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In case you had any lingering doubts about the fate of PS7’s in Penn Quarter, now there’s some closure regarding its closure. Taco Bamba chef Victor Albisu announced this afternoon that he will open an upscale South American grill called Del Campo in the space. Restaurateur Jeff Black is a partner and investor in the restaurant.

The meat-driven, wine-centric menu will include a rotating selection of grilled meats such as wagyu skirt steak, short ribs, chorizo, blood sausage, and sweetbreads. Albisu is also paying homage to his Peruvian heritage with crudos, ceviches, and sweet and savory empanadas. Meanwhile, the bar menu will focus on South American street food like a take on the chivito sandwich, grilled skewered meats, and fried meats.

The restaurant is set to open in spring of next year. In the meantime, look out for Taco Bamba, opening in Falls Church in the coming weeks.

Post critic Tom Sietsema reported the news of the new restaurant first, and a press release immediately followed. Read more below:


Albisu Chooses Washington, D.C.’s Penn Quarter As Neighborhood Home For His First Restaurant

WASHINGTON, D.C. – December 6, 2012 – Former BLT Steak executive chef, Victor Albisu, announces plans to open his first full-service restaurant, Del Campo, meaning “from the country,” at 777 I St. NW in spring 2013. Inspired by his Latin American roots and travels throughout South America, Albisu is bringing an upscale South American grill to the 5,800 square foot space previously occupied by PS7’s restaurant. The food culture celebrated through asado, a traditional South American grill style and the social gathering during which the barbeque is enjoyed, serves as a backdrop for the agrarian space and meat-driven, wine-centric menu.

“From adolescence, I worked in my mother’s Latin market learning to butcher from Argentineans and Uruguayans. It was from those South American butchers that I came to appreciate the asado as both a cooking style and a day-long gathering to celebrate and enjoy food, friends and family,” said Victor Albisu, chef/owner, Del Campo. “With Del Campo, I want to reinvent that experience by bringing an elevated style of South American grill culture to Washington, D.C.”

A rotating menu of grilled meats from the asado, such as wagyu skirt steak, short ribs, chorizo, blood sausage, and sweetbreads, will also be complemented by crudos and ceviches – a nod to Albisu’s Peruvian heritage – and a vibrant selection of seasonal salads and other composed dishes. The grandson of a Cuban baker, Albisu will also make savory and sweet empanadas. Bread service will feature traditional warm cast iron country bread served with smoked olive oil.

The bar menu will focus on more casual South American street food, including Albisu’s take on the chivito and chori-pan, Argentinean sandwiches; anticuchos, grilled skewered meats; and chicharones, fried meats, both from Peru. A large section of the wine program will focus on South American varietals, and the remainder of the list will include curated selections from around the world. Like the menu, the beverage program will elevate Piscos, Cachaças, and other South American spirits, beer and wine. Traditional Argentinean mate tea will also be available.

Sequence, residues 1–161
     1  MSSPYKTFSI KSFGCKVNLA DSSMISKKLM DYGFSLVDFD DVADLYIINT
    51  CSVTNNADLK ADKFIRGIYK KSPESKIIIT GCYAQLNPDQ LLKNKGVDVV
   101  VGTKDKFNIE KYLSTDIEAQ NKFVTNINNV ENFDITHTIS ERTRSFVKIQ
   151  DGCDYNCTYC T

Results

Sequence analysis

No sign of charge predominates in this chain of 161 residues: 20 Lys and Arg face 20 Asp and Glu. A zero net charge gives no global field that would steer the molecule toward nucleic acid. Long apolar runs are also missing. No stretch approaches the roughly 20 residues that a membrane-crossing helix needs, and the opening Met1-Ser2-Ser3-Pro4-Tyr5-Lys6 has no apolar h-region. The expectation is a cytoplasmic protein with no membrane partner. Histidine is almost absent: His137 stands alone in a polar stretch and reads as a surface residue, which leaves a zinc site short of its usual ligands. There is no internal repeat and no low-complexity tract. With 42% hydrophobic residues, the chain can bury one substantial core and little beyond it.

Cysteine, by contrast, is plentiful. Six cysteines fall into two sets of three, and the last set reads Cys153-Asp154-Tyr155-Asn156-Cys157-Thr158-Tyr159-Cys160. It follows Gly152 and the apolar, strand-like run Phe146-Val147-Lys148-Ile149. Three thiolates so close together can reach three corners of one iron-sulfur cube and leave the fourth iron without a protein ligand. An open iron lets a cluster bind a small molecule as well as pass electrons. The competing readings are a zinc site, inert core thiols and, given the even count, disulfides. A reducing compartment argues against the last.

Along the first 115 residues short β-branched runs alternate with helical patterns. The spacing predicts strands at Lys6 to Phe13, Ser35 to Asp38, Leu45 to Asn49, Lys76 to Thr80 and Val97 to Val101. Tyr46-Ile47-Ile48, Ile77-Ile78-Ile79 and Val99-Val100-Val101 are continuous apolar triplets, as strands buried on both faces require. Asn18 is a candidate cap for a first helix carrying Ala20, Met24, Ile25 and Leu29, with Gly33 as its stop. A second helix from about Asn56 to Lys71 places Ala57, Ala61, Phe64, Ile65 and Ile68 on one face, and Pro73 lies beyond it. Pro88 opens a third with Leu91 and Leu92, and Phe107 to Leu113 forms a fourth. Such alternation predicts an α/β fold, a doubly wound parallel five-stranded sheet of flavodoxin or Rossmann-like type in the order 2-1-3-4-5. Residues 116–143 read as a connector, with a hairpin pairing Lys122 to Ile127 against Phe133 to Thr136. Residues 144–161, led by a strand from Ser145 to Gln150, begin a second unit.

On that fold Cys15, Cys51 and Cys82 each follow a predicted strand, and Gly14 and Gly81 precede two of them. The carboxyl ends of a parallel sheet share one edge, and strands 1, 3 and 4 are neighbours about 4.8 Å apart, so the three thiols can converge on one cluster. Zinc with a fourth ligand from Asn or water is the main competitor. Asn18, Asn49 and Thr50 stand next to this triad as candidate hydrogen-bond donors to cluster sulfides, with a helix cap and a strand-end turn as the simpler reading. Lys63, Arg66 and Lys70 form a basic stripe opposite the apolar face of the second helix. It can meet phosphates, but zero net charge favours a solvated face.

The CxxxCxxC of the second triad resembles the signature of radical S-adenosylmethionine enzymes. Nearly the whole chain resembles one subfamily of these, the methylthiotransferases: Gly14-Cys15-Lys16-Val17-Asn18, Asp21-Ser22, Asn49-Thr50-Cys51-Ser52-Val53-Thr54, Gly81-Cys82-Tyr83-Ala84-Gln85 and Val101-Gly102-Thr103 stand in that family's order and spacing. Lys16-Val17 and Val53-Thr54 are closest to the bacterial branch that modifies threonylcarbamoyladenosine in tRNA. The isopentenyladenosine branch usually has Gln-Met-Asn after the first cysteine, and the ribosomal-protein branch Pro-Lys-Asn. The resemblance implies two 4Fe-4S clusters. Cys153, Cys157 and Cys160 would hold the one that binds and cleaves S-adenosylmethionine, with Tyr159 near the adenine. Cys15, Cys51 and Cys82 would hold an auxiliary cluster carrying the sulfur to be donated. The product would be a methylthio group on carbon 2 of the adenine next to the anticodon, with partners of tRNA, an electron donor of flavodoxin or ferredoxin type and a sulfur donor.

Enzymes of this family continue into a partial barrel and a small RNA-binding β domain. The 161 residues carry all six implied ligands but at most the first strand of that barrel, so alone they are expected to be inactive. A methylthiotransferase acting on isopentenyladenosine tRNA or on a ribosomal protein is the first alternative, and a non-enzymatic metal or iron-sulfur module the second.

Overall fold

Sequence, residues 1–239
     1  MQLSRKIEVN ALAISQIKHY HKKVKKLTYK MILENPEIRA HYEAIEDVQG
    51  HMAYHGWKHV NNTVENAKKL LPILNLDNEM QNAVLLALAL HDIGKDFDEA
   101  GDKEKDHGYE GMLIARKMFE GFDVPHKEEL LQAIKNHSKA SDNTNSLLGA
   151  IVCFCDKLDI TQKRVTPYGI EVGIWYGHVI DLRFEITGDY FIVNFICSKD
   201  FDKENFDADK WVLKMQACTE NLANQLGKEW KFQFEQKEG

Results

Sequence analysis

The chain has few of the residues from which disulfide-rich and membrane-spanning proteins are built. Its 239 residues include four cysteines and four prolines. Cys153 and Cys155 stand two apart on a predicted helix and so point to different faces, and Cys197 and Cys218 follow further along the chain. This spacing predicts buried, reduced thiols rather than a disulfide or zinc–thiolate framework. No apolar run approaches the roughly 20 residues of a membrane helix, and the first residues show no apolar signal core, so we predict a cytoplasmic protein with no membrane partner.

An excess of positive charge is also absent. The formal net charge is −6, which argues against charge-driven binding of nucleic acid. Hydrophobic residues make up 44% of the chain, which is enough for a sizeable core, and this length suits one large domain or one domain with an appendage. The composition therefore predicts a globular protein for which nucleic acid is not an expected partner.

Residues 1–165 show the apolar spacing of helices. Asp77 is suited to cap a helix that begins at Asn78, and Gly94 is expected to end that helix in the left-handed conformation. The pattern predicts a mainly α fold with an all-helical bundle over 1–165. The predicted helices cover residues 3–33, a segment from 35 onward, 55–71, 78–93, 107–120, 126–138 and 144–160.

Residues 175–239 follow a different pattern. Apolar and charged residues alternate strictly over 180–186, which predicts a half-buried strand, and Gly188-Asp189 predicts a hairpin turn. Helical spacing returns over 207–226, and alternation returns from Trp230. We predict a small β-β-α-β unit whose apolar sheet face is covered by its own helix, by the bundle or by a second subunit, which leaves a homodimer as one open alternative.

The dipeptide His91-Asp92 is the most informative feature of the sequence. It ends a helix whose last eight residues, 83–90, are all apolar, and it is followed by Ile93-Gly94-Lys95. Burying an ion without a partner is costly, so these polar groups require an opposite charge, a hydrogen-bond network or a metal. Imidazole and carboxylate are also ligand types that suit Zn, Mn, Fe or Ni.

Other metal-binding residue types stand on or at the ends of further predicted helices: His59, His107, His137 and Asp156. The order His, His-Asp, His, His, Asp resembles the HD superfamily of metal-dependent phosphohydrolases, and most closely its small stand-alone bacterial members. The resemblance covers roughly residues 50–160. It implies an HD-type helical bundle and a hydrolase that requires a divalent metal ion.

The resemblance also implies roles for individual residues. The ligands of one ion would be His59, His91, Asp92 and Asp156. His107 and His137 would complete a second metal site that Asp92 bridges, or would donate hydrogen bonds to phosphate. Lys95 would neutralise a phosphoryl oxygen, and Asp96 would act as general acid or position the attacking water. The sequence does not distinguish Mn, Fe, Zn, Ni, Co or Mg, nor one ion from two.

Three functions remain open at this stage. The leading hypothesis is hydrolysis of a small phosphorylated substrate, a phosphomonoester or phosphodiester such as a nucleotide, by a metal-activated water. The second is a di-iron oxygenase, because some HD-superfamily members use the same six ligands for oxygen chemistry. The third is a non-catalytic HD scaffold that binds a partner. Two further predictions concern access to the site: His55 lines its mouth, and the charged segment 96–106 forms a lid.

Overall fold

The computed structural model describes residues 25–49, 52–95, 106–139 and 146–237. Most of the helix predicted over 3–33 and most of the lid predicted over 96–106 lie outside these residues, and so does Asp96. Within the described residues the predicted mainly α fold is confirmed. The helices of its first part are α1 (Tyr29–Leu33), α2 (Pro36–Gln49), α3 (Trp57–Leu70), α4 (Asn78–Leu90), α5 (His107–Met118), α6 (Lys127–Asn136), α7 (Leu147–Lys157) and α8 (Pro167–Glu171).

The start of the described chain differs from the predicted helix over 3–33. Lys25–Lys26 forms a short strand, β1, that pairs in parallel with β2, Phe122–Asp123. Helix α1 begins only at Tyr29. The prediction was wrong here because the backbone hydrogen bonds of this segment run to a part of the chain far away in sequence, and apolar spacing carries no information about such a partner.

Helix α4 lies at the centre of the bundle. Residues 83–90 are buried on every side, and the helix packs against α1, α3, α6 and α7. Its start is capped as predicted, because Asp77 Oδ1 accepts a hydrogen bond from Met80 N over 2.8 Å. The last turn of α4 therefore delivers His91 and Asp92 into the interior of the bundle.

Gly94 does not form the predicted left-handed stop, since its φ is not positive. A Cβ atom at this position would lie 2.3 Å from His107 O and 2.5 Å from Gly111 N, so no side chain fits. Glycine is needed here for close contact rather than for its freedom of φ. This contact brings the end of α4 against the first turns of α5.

The 115-seat dining room will serve dinner seven nights a week, and lunch Monday through Friday. The 50-seat bar will serve coffee and South American pastries by day, in addition to the casual menu of savory snacks and sandwiches. During warmer months, a 40-seat patio will welcome guests to dine al fresco.

Chef Jeff Black, 2012 Restaurateur of the Year, as named by the Restaurant Association of Metropolitan Washington, is a partner and investor in Del Campo. While Black will not play a role in menu development or daily operations, he brings 30 years of successful restaurant experience to the project.


With more than a decade of experience in fine dining and upscale French, American and Latin American restaurants, Chef Victor Albisu is combining his culinary education with his Latin American heritage to bring a unique style of cuisine to his forthcoming restaurant concepts. His first concept, Taco Bamba, a taqueria that reflects his Cuban and Peruvian roots, is scheduled to open in December 2012. It will operate next to Plaza Latina in Falls Church, Virginia, a Latin market owned by Albisu’s mother.

Before pursing independent ventures, Albisu served as executive chef of BLT Steak in downtown Washington, D.C. for more than four years. Albisu is a graduate of the prestigious Le Cordon Bleu School in Paris. His professional culinary journey includes stints at Michelin three-star restaurant L’Arpege in Paris, as well as contemporary Latin American restaurant, Ceiba; Belgian-influenced, French restaurant, Marcel’s; and contemporary American bistro and bar, Ardeo and Bardeo, all in Washington, D.C.

Photo by Jessica Sidman